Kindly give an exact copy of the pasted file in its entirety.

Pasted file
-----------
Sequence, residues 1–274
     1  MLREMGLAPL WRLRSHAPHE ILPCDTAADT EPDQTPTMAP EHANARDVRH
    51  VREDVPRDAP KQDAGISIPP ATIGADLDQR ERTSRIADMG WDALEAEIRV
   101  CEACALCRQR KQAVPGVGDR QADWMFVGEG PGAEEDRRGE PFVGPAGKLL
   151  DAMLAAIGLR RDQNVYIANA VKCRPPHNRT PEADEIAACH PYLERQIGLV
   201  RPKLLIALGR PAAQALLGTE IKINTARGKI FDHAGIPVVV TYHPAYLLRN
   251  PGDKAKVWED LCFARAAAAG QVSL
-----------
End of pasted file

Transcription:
Sequence, residues 1–274
     1  MLREMGLAPL WRLRSHAPHE ILPCDTAADT EPDQTPTMAP EHANARDVRH
    51  VREDVPRDAP KQDAGISIPP ATIGADLDQR ERTSRIADMG WDALEAEIRV
   101  CEACALCRQR KQAVPGVGDR QADWMFVGEG PGAEEDRRGE PFVGPAGKLL
   151  DAMLAAIGLR RDQNVYIANA VKCRPPHNRT PEADEIAACH PYLERQIGLV
   201  RPKLLIALGR PAAQALLGTE IKINTARGKI FDHAGIPVVV TYHPAYLLRN
   251  PGDKAKVWED LCFARAAAAG QVSL